To conclude, the bank got what they wanted this summer.

      Wage bill and running costs down, whilst a big chunk of the incoming European money will go towards the overdraft.

      Rangers wage bill is as low as it ever has been for years, with Mendes and Davis at 20k a week basic, and McGregor at 17k the only real high earners.

      Going forward, the target of 20 pros plus kids has been hit, the debts are down.

      Whilst everyone would have loved to have seen two or three signings made, the stark reality is that the money from CLGE has to go to the bank debts, and the full impact of this - and this summer - will be seen in next years accounts.

      As always, I hope some of this helps.

      Cheers lads.
      :rfc: Ignore The Nonsense, The Irrelevant & The Noise :rfc:
    • Ja, den finden viele interessant. Ich auch, muss ich ganz ehrlich sagen. Zumal der User schon des öfteren gezeigt hat, dass er einfach Infos hat. Ist ja auch keine Schönfärberei. Zeigt deutlich die Probleme und den Zwang durch die Bank auf, dem wir nunmal unterlegen sind und ist in sich nachvollziehbar. Rothen also dank Celtic. I-)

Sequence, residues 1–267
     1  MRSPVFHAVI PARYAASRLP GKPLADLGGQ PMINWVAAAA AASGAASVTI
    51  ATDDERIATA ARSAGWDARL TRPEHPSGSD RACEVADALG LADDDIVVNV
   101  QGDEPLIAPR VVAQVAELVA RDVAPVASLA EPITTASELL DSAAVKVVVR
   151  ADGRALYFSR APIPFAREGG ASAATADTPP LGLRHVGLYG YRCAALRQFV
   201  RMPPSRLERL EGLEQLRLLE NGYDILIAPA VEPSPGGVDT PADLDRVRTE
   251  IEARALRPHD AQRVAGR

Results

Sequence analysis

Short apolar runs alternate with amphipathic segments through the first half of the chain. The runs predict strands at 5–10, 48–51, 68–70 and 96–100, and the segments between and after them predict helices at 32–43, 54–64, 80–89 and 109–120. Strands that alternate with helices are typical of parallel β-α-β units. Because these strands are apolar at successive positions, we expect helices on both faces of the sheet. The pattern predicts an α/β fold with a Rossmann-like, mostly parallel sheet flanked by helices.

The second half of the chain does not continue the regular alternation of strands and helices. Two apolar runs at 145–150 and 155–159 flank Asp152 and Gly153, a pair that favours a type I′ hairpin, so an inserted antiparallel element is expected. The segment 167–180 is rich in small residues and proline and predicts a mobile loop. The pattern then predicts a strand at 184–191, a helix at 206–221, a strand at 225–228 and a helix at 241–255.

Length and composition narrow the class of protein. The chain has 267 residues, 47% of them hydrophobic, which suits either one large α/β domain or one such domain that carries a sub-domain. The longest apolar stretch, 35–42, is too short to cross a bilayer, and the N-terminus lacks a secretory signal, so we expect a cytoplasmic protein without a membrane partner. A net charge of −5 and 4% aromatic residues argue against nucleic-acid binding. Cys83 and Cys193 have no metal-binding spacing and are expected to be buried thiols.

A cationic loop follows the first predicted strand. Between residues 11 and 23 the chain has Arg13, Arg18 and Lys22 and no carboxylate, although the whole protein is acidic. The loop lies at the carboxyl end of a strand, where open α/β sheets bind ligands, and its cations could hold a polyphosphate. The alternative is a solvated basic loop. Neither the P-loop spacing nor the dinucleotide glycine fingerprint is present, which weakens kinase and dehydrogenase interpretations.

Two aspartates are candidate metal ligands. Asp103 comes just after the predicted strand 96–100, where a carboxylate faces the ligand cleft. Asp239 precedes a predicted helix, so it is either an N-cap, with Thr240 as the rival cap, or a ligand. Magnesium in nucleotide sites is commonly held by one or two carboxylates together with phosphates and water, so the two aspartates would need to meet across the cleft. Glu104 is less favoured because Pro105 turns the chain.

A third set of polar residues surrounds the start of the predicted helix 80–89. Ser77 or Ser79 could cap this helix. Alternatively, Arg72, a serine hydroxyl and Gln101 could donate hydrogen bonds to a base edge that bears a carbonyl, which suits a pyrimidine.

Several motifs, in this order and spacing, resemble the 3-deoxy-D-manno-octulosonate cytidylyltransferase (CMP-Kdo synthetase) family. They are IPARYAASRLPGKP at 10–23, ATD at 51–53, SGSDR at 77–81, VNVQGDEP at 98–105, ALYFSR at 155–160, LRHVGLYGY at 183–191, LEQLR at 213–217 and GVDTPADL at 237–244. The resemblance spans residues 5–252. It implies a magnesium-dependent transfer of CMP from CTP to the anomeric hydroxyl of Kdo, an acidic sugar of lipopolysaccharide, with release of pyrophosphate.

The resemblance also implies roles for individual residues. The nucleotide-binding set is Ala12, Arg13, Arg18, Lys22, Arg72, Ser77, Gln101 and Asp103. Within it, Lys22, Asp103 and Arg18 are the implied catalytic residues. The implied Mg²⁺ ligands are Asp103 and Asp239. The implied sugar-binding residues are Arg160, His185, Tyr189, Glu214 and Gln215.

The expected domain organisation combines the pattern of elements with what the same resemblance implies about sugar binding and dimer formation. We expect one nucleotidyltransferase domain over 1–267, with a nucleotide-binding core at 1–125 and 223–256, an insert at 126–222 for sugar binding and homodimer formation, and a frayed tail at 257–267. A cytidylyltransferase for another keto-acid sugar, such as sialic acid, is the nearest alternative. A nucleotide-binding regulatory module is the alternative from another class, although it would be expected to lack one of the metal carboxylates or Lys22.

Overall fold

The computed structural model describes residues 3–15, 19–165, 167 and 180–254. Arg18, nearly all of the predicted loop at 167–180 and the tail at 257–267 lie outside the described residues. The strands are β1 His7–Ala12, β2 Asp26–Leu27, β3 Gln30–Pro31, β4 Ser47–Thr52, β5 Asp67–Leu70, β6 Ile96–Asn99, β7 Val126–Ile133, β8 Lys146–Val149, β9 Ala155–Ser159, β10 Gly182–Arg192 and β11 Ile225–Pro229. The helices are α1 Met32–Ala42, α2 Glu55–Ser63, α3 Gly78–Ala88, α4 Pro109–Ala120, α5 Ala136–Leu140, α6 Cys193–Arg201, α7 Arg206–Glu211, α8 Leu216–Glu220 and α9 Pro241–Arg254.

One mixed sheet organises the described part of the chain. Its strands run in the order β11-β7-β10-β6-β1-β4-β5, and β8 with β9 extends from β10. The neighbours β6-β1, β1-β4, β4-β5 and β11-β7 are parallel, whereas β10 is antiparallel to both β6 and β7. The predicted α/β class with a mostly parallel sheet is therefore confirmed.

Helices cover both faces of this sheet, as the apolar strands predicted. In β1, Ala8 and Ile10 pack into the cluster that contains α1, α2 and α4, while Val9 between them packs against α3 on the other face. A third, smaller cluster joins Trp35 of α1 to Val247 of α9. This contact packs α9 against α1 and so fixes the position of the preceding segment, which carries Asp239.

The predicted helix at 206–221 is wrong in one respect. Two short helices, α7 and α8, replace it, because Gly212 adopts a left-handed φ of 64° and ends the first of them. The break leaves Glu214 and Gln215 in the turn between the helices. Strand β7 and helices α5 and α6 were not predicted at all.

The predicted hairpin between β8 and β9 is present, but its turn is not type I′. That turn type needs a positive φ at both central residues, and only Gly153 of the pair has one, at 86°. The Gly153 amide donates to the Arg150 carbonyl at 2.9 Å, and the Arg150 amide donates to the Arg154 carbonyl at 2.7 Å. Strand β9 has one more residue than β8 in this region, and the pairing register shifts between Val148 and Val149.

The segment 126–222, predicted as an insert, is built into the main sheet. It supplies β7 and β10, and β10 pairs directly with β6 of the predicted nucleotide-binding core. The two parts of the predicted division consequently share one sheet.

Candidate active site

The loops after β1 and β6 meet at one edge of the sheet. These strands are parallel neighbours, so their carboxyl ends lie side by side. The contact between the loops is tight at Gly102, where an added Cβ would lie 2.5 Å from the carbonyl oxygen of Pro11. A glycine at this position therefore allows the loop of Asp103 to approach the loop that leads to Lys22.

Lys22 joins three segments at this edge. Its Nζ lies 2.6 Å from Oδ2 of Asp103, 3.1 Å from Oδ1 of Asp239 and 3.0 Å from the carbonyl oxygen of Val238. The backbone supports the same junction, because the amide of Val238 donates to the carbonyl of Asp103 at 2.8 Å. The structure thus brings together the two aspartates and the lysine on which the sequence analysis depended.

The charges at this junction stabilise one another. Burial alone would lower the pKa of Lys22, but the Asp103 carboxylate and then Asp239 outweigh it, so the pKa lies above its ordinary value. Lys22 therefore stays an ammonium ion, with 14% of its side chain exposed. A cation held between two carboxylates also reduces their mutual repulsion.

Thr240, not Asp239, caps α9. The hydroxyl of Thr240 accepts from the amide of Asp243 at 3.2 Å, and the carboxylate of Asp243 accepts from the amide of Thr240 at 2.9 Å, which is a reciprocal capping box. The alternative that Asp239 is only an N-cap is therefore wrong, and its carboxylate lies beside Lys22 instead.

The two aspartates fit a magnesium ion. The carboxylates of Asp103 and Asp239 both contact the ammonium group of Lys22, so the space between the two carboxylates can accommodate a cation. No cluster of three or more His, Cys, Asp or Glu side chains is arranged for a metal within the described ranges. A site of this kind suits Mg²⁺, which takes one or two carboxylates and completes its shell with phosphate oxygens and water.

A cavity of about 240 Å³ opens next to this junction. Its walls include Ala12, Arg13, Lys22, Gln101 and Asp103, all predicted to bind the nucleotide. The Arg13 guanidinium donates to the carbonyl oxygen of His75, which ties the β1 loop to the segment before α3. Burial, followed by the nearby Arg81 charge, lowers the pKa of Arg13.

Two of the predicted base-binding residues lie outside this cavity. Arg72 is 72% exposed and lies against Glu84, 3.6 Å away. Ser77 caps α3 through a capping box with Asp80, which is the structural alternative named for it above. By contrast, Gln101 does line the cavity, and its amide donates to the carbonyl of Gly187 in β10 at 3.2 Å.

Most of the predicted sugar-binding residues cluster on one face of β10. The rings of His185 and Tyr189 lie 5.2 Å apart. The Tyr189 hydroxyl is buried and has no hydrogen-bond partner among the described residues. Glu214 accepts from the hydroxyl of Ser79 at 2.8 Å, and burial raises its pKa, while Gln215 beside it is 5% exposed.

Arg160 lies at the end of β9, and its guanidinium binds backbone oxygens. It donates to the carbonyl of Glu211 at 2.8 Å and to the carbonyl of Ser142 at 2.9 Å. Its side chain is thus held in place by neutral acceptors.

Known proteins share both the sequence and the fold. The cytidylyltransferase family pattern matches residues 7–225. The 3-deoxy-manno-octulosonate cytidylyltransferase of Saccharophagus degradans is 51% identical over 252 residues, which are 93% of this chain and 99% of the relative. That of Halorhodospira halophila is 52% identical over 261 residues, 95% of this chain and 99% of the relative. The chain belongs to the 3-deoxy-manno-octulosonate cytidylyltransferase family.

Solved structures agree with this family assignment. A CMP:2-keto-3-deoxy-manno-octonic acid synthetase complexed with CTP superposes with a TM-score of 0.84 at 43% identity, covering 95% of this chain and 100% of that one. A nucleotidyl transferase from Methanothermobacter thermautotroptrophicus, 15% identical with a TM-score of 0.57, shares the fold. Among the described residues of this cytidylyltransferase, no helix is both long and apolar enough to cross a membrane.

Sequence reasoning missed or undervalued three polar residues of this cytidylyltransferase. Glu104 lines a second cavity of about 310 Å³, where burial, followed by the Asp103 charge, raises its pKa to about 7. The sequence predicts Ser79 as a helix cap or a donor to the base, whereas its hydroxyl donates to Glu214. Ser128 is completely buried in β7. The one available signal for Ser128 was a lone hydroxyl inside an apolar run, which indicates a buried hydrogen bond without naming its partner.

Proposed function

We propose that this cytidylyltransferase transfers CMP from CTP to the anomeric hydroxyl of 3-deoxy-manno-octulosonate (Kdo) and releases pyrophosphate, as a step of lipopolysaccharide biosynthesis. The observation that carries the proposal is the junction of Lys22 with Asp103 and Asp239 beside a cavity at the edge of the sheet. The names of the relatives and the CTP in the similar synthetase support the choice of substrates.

:rfc: Ignore The Nonsense, The Irrelevant & The Noise :rfc:
    • Ruhrpottler schrieb:

      Also ich find den Beitrag sehr, sehr interessant. Das verschafft wenigstens ein BIld über die ganze Sache.....

      Die frage aller fragen ist jz natürlich wie viel Gewinn/Verlust wir in einer saison im worst case machen (sprich kein europe, kein pokal und nur platz 2)?
      Rangers FC - Scottish Premier League - Champions 2008/09
    • Und da wird man irgendwie hinkommen müssen. Die CL wird zukünftig wohl auch für den schottischen Meister nur noch über eine Quali zu erreichen sein. Damit kann man nicht mehr planen. Das ist fahrlässig. Also muss der Verein über kurz oder lang (eher über sehr kurz) so aufgestellt werden, dass die Europa League Pflicht ist um seinen Etat zu decken. Das wäre realistisch.